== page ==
The evidence from all OECD countries shows that the private sector is far more bureaucratic and much less efficient than the public sector when it comes to providing health care.
Ten Health Care Myths
Gentlemen from Hooker - and many other places - are quite literally pouring these and many other poisons into your coffee and your kids' juice. They just do it in a more indirect, anonymous, and apparently socially acceptable way.
150 Years of Dirty Water
I was surprised and disappointed to see Roger Powley arguing in the last Toronto Field Naturalist Newsletter that naturalists ought not to criticize other nature lovers even when they act in ways which are harmful to nature, because criticism, even when warranted, might weaken the cohesion of the naturalist movement. As a rule I avidly read and enjoy Roger's contributions, but I think he forgot to put his thinking cap on when he penned that particular piece.
I really cannot agree with his assumption that criticism of another person's actions has to imply a holier-than-thou attitude on the part of the critic. Roger is surely right in saying that all of us sometimes act in ways which hurt the environment. To me, that means that we all occasionally make mistakes which need to be pointed out to us. How does it help the environment if we agree to keep quiet about each other's sometime thoughtlessness or wrongheadedness for the sake of some abstract "unity"?
Perhaps Roger meant to suggest by his 'holier-than-thou' reference that most of us find it rather easy to see other people's faults, but rather harder to see our own. All the more need, then, for others to criticize us if some action of ours contradicts our stated concern for nature and the environment! Perhaps the harmful effect of a particular action had never occurred to us. How are we to find out if no one tells us? One hopes, of course, that the criticism would be presented constructively, not as a personal attack, and one also hopes that one would receive it in the same spirit.
But to refrain from criticism where it is called for is to do both nature and our movement a great disservice. Are we not to criticize egg collectors because they honestly consider themselves naturalists? Is it not valuable to draw attention, as two people did in the last newsletter, to the excesses of birders who consider the identification of a bird so important they will kill it to be sure? Has Roger himself not criticized - and very wittily at that - the misguided parks bureaucrats whose idea of preserving green space is to manicure it into a state of near-lifelessness?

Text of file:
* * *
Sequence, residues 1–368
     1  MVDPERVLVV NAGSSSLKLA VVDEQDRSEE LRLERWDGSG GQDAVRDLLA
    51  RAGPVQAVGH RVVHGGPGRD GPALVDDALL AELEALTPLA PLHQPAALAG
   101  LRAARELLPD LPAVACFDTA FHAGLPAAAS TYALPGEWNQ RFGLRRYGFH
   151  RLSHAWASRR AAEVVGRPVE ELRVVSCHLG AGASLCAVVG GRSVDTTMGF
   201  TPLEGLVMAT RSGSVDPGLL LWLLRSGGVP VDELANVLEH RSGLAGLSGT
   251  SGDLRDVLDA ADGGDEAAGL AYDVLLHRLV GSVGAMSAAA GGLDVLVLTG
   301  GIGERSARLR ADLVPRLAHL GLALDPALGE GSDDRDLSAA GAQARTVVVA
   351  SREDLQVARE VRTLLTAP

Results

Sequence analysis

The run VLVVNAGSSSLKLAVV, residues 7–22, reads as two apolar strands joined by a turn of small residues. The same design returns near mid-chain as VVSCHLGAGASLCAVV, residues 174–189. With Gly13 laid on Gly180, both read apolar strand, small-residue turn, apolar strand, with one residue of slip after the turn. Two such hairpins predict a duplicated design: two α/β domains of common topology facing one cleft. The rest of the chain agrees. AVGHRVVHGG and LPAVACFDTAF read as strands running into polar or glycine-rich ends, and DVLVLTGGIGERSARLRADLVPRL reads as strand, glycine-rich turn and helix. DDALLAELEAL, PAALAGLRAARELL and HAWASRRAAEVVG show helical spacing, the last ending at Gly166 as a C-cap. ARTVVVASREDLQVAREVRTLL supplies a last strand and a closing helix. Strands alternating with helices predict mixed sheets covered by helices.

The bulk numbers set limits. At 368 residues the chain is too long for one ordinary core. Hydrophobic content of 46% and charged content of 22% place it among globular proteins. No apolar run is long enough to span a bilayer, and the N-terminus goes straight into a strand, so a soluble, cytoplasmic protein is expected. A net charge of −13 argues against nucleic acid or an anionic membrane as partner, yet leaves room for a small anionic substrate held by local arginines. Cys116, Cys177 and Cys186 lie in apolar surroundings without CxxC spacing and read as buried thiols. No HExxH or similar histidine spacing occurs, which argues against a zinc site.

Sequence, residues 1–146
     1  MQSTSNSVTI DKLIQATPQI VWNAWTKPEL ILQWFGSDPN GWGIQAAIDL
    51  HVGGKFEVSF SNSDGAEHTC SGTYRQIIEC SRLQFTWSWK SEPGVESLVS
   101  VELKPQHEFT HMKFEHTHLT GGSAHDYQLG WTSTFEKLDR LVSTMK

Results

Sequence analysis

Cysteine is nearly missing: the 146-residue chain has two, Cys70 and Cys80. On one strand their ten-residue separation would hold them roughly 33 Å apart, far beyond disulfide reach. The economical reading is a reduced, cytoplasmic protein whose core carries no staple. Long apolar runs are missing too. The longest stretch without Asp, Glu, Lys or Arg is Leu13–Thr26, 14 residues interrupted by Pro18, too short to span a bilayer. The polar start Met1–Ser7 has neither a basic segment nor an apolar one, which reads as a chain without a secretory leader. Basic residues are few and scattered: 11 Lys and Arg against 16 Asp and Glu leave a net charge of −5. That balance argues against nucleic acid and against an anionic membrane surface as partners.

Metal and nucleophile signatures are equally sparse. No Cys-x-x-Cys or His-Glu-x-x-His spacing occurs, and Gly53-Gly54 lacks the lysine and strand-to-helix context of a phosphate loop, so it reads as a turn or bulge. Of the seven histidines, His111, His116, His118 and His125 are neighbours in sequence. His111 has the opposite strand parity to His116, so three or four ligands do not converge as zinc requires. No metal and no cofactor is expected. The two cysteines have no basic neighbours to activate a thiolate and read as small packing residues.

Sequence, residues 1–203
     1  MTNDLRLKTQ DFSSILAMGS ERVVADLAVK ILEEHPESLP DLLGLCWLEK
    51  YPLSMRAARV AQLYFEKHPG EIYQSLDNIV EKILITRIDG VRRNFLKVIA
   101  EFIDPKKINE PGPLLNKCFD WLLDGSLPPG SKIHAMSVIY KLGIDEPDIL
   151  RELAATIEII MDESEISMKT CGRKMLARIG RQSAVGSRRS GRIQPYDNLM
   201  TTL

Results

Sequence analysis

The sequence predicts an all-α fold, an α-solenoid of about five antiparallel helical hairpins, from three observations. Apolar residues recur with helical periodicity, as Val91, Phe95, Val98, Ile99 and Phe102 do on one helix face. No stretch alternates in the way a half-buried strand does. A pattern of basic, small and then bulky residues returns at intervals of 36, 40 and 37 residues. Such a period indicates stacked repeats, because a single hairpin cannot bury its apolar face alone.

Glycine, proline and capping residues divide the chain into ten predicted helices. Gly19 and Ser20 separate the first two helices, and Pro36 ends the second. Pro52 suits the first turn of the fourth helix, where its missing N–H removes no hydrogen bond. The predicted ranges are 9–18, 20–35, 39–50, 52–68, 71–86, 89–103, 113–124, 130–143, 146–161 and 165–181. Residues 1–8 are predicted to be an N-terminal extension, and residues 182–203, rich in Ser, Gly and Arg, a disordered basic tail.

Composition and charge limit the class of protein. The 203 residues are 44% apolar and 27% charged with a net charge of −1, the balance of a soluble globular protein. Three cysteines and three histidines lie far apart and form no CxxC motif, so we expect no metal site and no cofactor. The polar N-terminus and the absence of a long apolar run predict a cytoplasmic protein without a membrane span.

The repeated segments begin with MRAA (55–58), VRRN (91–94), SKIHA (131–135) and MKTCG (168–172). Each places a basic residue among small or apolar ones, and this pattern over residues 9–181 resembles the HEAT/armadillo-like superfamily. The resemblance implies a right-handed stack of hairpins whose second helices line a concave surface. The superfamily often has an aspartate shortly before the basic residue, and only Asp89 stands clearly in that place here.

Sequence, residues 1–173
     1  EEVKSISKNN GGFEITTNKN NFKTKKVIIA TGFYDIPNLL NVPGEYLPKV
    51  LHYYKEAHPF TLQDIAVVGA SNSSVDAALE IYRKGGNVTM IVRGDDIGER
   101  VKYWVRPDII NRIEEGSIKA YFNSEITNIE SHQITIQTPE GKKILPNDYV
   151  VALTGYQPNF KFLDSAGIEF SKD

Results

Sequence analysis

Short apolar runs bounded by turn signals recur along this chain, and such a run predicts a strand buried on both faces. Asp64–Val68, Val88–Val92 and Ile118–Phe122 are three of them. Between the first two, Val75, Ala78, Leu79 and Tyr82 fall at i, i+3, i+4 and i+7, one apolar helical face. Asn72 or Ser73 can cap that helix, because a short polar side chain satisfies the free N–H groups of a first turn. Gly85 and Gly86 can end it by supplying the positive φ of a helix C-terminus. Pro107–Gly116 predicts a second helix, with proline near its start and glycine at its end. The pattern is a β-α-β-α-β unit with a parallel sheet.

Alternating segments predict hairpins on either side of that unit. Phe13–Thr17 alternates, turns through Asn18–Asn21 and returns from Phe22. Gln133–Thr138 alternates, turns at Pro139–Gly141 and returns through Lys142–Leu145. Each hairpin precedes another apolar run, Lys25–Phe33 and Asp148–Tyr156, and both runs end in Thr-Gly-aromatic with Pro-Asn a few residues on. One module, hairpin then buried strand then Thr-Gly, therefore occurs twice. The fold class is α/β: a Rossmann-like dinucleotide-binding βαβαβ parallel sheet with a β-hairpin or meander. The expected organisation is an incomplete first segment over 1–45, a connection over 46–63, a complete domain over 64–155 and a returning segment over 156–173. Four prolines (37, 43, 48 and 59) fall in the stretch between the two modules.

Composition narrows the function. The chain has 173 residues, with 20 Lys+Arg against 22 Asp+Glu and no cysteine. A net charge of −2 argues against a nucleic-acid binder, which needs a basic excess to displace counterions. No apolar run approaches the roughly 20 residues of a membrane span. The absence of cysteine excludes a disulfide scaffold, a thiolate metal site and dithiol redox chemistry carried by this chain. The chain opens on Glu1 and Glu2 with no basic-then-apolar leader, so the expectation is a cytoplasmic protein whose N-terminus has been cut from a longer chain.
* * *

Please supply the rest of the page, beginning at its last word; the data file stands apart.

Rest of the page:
There is unfortunately no question that thoughtless 'nature-lovers' can and do cause great harm to the naturalist movement. We all know that sections of the Bruce Trail are now closed at least partly because of the actions of irresponsible hikers. And we can be sure that birders who trample flowerbeds are not winning any friends for us either. It is our duty to combat such harmful actions, and also to make it clear to the general public that we disapprove of them. We also have responsibility, to ourselves and to each other, to think and analyze clearly, to exchange, discuss, and debate ideas freely and frankly, and to stand up for what we honestly believe is right. Doing so can make us stronger and help us move forward, while artificially submerging disagreements and controversy would only weaken us in the long run.
December 20, 1982
Published in the Toronto Field Naturalist newsletter.